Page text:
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House GOP is down to 13 women. Will North Carolina special elections boost their ranks?
Of the 27 Republicans running in 3rd or 9th districts, seven are women

Women listen to candidate Donald Trump at a 2016 rally in Raleigh, N.C. Seven GOP women are running in the North Carolina special elections this year. (Chip Somodevilla/Getty Images file photo)

With two special elections in North Carolina this year, Republicans have a chance to send to Congress some company for West Virginia Rep. Carol Miller, the only female GOP lawmaker in the House freshman class.

The number of Republican women in the chamber is at a new low with just 13 in the 116th Congress, down from 23 the previous session. About 100 GOP women ran for the House in the 2018 cycle, but many of them struggled to get through primaries. 

Trump warns Venezuela with new sanctions, won’t rule out military action
Trump spoke in a joint Rose Garden press conference with new Brazilian President Jair Bolsonaro

President Donald Trump (R) and Brazilian President Jair Bolsonaro (L) shake hands during a joint news conference at the Rose Garden of the White House March 19, 2019 in Washington, DC. President Trump is hosting President Bolsonaro for a visit and bilateral talks at the White House today. (Mark Wilson/Getty Images)

President Donald Trump on Tuesday said he may impose new strict sanctions on Venezuela in another attempt to force President Nićolas Maduro from office.

“I’m not being told any specific time,” Trump said on how long Maduro might hold on. But he did predict a “change” is ahead.

Rep. Steve King posts meme bragging red states have ‘8 trillion bullets’
Post theorizing a hypothetical civil war comes at a time when leaders have called for more thoughtfulness

Rep. Steve King, R-Iowa, posted a meme to Facebook Saturday about a hypothetical civil war. (CQ Roll Call file photo)

Rep. Steve King posted a meme Saturday about a hypothetical civil war between “blue states” fighting over which bathroom to use and “red states” with trillions of bullets.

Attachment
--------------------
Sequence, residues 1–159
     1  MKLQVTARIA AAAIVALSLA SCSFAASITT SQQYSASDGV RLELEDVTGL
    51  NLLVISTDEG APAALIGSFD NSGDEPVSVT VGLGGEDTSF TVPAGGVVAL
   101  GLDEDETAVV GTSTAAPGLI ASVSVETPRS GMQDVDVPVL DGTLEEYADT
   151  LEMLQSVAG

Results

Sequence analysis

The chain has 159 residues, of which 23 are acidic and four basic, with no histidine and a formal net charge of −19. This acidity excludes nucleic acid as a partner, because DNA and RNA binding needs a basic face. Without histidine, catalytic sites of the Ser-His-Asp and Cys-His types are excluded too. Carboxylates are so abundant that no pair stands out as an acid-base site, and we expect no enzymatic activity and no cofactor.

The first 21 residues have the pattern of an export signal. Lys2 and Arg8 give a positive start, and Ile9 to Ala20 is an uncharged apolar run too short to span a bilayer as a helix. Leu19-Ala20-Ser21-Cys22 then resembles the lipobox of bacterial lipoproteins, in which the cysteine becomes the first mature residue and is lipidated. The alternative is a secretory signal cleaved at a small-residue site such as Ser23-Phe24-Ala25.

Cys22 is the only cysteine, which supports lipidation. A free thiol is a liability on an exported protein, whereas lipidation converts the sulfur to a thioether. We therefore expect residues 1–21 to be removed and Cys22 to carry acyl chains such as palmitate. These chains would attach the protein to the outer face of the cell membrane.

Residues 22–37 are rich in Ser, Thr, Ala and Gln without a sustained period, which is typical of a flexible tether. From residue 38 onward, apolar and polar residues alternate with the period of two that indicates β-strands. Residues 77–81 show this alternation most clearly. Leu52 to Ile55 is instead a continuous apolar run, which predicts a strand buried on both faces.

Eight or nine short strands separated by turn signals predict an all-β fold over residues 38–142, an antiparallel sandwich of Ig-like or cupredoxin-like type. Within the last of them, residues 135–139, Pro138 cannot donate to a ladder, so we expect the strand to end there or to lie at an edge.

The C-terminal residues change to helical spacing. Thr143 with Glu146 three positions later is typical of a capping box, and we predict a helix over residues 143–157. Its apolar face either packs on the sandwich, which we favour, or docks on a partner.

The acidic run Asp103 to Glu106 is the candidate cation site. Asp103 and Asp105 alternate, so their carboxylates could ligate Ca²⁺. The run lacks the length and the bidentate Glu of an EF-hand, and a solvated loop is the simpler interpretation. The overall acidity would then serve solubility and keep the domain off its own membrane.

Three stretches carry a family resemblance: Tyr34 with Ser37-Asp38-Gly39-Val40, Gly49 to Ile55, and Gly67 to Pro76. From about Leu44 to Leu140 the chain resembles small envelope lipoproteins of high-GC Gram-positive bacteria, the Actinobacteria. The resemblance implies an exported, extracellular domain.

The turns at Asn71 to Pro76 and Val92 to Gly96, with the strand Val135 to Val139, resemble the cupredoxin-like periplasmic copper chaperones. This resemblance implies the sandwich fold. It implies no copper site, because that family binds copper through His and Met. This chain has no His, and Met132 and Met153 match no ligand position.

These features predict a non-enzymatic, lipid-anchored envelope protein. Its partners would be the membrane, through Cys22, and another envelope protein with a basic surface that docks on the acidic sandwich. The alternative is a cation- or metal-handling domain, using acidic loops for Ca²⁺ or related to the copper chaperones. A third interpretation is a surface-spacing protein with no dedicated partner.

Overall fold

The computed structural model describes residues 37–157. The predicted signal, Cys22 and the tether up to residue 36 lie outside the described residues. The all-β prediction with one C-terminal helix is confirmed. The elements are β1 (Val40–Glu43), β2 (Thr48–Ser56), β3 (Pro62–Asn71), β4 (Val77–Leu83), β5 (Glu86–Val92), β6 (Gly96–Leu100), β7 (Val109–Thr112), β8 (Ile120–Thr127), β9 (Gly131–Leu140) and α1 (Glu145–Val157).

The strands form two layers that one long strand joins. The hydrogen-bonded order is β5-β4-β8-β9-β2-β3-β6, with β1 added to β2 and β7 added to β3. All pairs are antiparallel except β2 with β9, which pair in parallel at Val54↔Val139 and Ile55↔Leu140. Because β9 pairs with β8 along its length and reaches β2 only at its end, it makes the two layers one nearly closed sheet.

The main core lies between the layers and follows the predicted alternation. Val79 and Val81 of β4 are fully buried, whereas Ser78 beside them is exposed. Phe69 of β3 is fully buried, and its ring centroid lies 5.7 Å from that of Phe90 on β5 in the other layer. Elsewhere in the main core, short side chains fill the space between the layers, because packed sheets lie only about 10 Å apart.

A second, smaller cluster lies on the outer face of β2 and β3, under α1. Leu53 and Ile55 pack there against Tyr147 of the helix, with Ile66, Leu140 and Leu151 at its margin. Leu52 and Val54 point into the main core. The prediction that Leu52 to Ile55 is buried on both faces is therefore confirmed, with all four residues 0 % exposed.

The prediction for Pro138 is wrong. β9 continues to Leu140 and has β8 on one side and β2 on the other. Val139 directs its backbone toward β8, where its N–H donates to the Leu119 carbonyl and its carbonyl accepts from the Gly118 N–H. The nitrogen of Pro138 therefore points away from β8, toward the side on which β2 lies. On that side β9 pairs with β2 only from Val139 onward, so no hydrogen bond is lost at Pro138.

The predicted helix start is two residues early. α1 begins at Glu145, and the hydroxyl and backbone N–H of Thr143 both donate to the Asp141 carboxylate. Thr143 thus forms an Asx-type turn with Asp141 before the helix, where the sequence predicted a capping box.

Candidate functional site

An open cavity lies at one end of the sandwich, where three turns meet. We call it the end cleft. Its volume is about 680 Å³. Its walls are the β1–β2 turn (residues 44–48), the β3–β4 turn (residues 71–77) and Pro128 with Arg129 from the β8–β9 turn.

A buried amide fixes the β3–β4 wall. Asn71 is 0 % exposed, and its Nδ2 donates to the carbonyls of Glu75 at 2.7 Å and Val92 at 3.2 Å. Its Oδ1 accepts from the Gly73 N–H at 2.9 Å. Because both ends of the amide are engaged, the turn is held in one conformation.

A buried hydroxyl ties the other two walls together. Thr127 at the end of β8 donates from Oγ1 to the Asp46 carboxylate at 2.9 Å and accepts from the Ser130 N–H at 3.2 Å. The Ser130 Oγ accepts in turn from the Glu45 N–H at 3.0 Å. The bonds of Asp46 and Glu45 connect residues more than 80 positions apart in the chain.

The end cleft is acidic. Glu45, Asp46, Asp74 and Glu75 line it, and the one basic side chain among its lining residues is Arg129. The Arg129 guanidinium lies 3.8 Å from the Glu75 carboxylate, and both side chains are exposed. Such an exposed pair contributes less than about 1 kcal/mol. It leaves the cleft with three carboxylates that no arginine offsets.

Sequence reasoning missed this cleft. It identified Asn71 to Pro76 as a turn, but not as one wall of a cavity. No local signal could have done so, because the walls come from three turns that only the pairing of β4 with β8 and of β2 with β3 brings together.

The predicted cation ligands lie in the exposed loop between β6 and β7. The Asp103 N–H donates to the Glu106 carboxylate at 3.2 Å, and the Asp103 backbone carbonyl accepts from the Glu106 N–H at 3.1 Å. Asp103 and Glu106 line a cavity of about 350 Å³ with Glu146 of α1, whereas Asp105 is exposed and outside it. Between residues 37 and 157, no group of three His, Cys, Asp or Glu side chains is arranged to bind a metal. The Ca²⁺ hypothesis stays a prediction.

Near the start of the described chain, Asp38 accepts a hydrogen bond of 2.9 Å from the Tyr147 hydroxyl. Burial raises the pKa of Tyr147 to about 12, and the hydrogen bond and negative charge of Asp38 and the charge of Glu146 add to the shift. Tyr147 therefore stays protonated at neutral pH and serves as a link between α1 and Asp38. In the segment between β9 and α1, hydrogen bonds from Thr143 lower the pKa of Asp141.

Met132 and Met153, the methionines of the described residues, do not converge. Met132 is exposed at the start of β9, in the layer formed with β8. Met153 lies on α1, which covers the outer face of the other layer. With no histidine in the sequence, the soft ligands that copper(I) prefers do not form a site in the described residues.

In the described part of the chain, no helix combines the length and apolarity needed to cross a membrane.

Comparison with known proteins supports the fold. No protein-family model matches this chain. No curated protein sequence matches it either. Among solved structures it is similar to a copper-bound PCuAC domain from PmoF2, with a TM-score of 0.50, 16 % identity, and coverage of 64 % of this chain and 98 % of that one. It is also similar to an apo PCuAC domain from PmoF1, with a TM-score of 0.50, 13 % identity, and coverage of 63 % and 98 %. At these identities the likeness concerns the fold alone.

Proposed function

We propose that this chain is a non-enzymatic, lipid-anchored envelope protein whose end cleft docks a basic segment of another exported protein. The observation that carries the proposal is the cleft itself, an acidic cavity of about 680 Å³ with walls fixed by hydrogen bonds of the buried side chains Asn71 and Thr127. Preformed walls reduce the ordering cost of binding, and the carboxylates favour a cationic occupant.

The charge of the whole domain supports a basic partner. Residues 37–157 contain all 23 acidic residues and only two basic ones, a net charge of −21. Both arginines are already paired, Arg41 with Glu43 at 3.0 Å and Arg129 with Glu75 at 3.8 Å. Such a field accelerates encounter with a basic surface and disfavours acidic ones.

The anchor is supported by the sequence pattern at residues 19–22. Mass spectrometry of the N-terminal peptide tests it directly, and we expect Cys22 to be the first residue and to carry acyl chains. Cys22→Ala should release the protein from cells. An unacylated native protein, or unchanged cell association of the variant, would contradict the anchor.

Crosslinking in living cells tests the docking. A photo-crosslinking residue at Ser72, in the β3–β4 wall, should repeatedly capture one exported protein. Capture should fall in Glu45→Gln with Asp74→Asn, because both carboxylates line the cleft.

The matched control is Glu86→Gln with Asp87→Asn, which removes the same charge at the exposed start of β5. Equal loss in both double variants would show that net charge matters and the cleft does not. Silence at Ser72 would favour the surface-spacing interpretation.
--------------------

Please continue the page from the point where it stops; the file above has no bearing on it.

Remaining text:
The post is an image of two figures composed of traditionally Democratic-leaning and Republican-leaning states in fighting postures with text superimposed over top. The caption reads: “Folks keep talking about another civil war. One side has about 8 trillion bullets, while the other side doesn’t know which bathroom to use.”

Facebook’s awkward election sauce — too toxic for 2020?
Social media giant may be a political pariah, but it’s still essential to politicians

Sen. Ted Cruz, R-Texas, fields a question during the first Republican presidential debate hosted by Fox News and Facebook in August 2015 in Cleveland. (Scott Olson/Getty Images file photo)

OPINION — When Democrats hold their presidential primary debates this year, two political heavies from 2016 may be absent from the stage — Fox News and Facebook.

Democratic National Committee Chairman Tom Perez announced last Wednesday that Fox News will not get a debate during the current election cycle.

NRCC targeting House Democrats on impeachment
Committee is launching new digital ads in all 55 of its target districts

NRCC Chairman Tom Emmer says Democrats need to “definitively state” where they stand on impeachment. (Bill Clark/CQ Roll Call file photo)

The National Republican Congressional Committee aims to pin House Democrats on the issue of impeaching President Donald Trump through a series of digital ads launching Friday.

The ad campaign is the latest sign that Republicans will try to tie vulnerable Democrats to their more liberal colleagues to win back the House. 

New York man faces trial for threat against Rep. Maxine Waters
Date of threatening call to her district office coincides with heightened criticism of Waters among the far-right

A central New York man is accused of calling the district office of California Democratic Rep. Maxine Waters and making racist and threatening remarks last summer. (Bill Clark/CQ Roll Call file photo)